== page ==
John, a friend of mine told me a story last night. He and his wife went out to a restaurant over the weekend because they wanted to have a romantic dinner. Kristen is a quadriplegic and she uses a power wheelchair. They had made a reservation. When they got there, they were seated at a table for six, away from all the other tables that were obviously set up for couples. They complained. They wanted a table for two. And although the staff eventually complied, my friends were given a hard time. John said the whole exchange was incredibly awkward. In talking through the experience online, John and I came to the conclusion that society doesn’t expect people with disabilities to be romantic, and in this case, the staff at the restaurant acted accordingly. John and Kisten were forced to ask why their reservation was so much less important than the reservations of other customers. That kind of thing just shouldn’t happen. It’s just not right.

Singing in the choir was something that I did throughout my high school career. For three of those years, I had an instructor that I loved. He was a great guy who considered me to be simply another one of his students. That is the way that I like it. He even put effort into incorporating my wheelchair into some of our performances. That was so much fun. Unfortunately, things were different when I was a senior. That year the choir had a new director and he didn’t like me very much. During the Christmas performance, he put me behind a prop on stage so that nobody could see my wheelchair. When I asked him about it the next day, his response was something like “Well, I wanted the performance to be perfect.” He made sure that I was not included in any of our choir performances for the rest of the year. Looking back, there were a whole lot of “not good enough” moments for me in that class that year.

Throughout high school, my wheelchair also never fit under the tables in the cafeteria. When I am not close enough to a table, I have a hard time eating because most of the time lots of food tends to drop in my lap. It’s messy and embarrassing and makes me feel like I have terrible table manners. As a teenager, that made me really self-conscious about eating in front of anyone. Sometimes at lunch, I pulled my wheelchair next to a large brick pillar in the middle of the cafeteria. It was the only thing my wheelchair could comfortably fit against. But it also sort of put me on display. I didn’t like that. Because there was no better option, most days I ended up eating my lunch in the bathroom. It was just easier all the way around. Nobody made me do that, I just felt like an outsider at the time. There are some days that I wish I could go back to that shy awkward lonely kid and tell her that everything is eventually going to be okay.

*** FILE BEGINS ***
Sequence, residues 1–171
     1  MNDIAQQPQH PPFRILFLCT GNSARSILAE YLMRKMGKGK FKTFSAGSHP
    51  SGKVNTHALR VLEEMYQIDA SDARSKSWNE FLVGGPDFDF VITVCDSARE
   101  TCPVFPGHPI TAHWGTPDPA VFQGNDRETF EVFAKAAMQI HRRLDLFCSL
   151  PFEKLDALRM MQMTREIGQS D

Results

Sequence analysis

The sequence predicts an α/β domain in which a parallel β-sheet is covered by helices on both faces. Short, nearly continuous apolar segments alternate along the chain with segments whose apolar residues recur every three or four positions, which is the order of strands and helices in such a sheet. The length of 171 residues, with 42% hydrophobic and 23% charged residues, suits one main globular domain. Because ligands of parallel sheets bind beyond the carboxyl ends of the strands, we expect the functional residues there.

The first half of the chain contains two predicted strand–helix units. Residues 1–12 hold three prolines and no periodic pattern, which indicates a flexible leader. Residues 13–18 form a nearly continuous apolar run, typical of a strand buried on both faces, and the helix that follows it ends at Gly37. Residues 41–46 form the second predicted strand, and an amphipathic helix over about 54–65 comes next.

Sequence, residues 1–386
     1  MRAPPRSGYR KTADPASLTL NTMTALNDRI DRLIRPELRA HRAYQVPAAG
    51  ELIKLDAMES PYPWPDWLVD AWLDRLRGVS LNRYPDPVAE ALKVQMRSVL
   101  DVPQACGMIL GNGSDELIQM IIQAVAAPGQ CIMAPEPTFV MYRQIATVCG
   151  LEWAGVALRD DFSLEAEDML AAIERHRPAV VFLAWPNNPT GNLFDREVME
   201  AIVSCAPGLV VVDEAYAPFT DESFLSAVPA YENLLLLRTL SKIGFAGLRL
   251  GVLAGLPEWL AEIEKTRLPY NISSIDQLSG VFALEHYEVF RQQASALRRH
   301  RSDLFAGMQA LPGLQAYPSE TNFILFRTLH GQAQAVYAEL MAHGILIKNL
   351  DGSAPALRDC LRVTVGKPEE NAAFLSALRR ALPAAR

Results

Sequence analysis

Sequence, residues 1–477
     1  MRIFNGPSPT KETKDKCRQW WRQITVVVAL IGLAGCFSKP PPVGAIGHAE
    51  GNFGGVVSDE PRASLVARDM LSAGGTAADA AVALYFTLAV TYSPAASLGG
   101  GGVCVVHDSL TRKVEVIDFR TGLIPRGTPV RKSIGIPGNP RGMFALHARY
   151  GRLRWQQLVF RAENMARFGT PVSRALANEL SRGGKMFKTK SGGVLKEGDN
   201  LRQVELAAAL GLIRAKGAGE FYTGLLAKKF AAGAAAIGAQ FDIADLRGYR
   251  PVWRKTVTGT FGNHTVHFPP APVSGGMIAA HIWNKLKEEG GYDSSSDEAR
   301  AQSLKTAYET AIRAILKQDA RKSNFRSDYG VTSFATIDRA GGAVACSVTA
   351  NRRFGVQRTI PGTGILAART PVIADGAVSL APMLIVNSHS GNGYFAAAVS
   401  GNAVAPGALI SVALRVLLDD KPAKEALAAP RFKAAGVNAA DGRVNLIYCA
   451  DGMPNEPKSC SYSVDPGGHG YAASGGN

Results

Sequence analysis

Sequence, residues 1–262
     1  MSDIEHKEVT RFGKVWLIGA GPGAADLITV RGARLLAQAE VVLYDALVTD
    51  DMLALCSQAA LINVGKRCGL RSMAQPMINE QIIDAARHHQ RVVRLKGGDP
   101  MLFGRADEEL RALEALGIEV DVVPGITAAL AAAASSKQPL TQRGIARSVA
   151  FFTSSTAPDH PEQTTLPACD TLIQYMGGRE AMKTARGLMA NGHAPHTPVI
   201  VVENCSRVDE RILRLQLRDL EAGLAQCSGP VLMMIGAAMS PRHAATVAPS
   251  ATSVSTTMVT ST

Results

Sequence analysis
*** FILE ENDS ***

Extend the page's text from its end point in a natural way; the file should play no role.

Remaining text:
For various reasons, I try not to talk very much about those kinds of experiences. They are a tangible reminder that the world hasn’t always seen me as an equal. Sometimes they still don’t. And that hurts. It makes me sad. But it also reminds me that we have a whole lot of work still to do.

So, just like many other people who have a dream of equality that includes a world without barriers for anyone, I will keep on keeping on. Advocating for what I know is right.

Dr. Martin Luther King Jr. will tell you. Big dreams are worth fighting for.

Posted in Accessibility, Accommodations, Advocacy, Attitudes, Disabilitiy, Discrimination, inclusion | Tagged , , , | 2 Comments

Unexpected Pick Me Up

thank you in sign languageThis past Sunday was less than stellar for me. I had some complications with some former caregivers and the whole caregiver situation that has been so incredibly stressful over the last few months felt like it was pressing against my soul. It was a rare day when I acknowledged that I don’t like always being so dependent on other people to meet my basic needs and that I wish I had more people in my life that have nothing to do with my disability. Some days I find myself wondering if my life is ever going to be significantly different than it is right now. After giving myself a few hours to breathe and be with my emotions I decided that it was time for a distraction. I was getting hungry, and ordering a pizza is not something I usually do. But I love ordering take out. For me, it’s a treat. I justified spending the money by reminding myself that whatever I ordered would probably last me three or four meals. Yeah, that was logical. Grin. I really wanted a pizza.

A Google search for the current deals brought me to the Domino’s website. They had about ten options to choose from, and their special was that you could get any two of those options for $5.99 each. I ordered a medium pizza with their white sauce, sausage and pineapple for the toppings and an order of garlic breadsticks. Perfect. I know. Most people would say that combination is beyond weird. But I like it.

About 45 minutes later, the doorbell rang, and the delivery guy was there with my food. He smiled as he handed me the boxes and I gave him the money I owed. As I turned to put the boxes on the table, I said, “I would like $2 back, please.” It took me a minute to make sure the boxes weren’t going to fall. I didn’t want to eat pizza and breadsticks off the floor. When I turned back to him, I noticed he hadn’t moved, and he was looking at my face pretty intensely. All of the sudden it hit me that he was deaf.

When I was young, I attended a summer camp for kids with disabilities for several years. There were kids there from all walks of life and they had various disabilities. I had no idea at the time that those experiences would be partly what prepared me for my future career. While I was at camp, I learned just enough sign language to be dangerous. So, I asked the driver for change again. But this time, I held up two fingers and made a circular motion on my chest with the palm of my hand. That is the sign for “please” in sign language. His smile could have lit up Times Square on New Year’s Eve. He gave me two one dollar bills. “Thank you,” I said in sign.

“You’re welcome.” He spoke it out loud. He took the time to give my service dog a good petting before he left.